Hey, today we are going to discuss how to actually denitrify (the conversion of NO3 to Nitrogen (N) and Oxygen (O2) gas which is given off in the atmosphere) which is the second step in the process to lower Total Nitrogen in treated sewage effluent and is termed Denitrification.
Hey, we are back to discuss how to lower the total level of Nitrogen from inlet to outlet of a sewage treatment plant. Total Nitrogen is often abbreviated to TN or N. The reduction of TN is a two stage process involving the conversion of Ammonia (NH4) to Nitrates (NO3) termed Nitrification, followed by the conversion of NO3 to Nitrogen (N) and Oxygen (O2) gas which is given off in the atmosphere, termed Denitrification.
Hey, continuing on from the last entry in our education blog, we will now go through a simple example of how to calculate the extra package effuent treatment plant capacity required in term of Population Equivalents (PE) to achieve the correct level of Ammonia removal (NH4) from wastewater effluent. More on the theory can be found in our last blog entry on the theory of Ammonia removal. The process is also know as Nitrification, meaning the conversion of Ammonia to Nitrate (NO3)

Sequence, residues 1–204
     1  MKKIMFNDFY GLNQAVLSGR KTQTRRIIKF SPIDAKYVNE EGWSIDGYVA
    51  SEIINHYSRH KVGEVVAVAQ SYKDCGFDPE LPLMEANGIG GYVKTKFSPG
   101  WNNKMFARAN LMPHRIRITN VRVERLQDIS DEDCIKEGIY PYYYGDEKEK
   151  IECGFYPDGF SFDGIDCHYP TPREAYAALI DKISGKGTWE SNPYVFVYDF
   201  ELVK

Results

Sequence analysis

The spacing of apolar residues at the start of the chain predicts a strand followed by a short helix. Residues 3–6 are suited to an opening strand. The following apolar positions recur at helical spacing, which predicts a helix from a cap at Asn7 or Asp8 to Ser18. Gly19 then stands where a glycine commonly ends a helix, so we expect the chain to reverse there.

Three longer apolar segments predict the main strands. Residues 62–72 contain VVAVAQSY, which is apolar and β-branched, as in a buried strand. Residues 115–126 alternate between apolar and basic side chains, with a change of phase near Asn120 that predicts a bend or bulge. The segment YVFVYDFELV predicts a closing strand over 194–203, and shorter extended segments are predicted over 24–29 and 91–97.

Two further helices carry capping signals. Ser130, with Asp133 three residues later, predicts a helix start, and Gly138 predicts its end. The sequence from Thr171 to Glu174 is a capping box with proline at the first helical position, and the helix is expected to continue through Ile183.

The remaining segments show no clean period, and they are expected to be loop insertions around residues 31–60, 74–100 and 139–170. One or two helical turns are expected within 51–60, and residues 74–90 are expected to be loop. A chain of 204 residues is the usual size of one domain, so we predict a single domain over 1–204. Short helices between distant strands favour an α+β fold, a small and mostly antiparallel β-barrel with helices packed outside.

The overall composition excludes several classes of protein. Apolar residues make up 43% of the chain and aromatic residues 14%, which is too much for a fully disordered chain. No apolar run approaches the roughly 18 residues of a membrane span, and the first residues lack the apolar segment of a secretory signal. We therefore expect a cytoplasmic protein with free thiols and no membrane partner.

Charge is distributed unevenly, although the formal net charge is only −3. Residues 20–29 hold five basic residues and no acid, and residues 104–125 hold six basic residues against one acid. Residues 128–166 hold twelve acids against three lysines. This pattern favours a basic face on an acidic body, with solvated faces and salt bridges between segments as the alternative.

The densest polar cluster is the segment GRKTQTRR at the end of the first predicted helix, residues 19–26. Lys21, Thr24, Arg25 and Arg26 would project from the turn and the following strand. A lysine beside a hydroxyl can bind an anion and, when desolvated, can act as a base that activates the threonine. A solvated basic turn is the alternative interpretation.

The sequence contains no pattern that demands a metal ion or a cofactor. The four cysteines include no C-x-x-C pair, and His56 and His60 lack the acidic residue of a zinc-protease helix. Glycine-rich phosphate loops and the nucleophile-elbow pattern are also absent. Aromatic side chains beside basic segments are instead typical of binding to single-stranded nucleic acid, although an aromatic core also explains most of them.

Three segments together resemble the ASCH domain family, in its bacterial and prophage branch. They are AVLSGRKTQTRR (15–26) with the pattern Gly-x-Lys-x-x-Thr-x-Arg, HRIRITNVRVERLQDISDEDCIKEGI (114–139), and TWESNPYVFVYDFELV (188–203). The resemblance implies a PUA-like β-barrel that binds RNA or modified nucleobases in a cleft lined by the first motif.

The last topic that was discussed on this blog was Phophorus (P). Next we are going to move on to the complex topic of Ammonia (NH4) and how to remove it from sewage.
Continuing on from Population Equivalent (PE) the next parameter is Phosphourus (P) The reason that Phosphorus is often a focused on in wastewater effluent is that it is an essential mineral in the growth of algae and other biological organisms along with Nitrogen.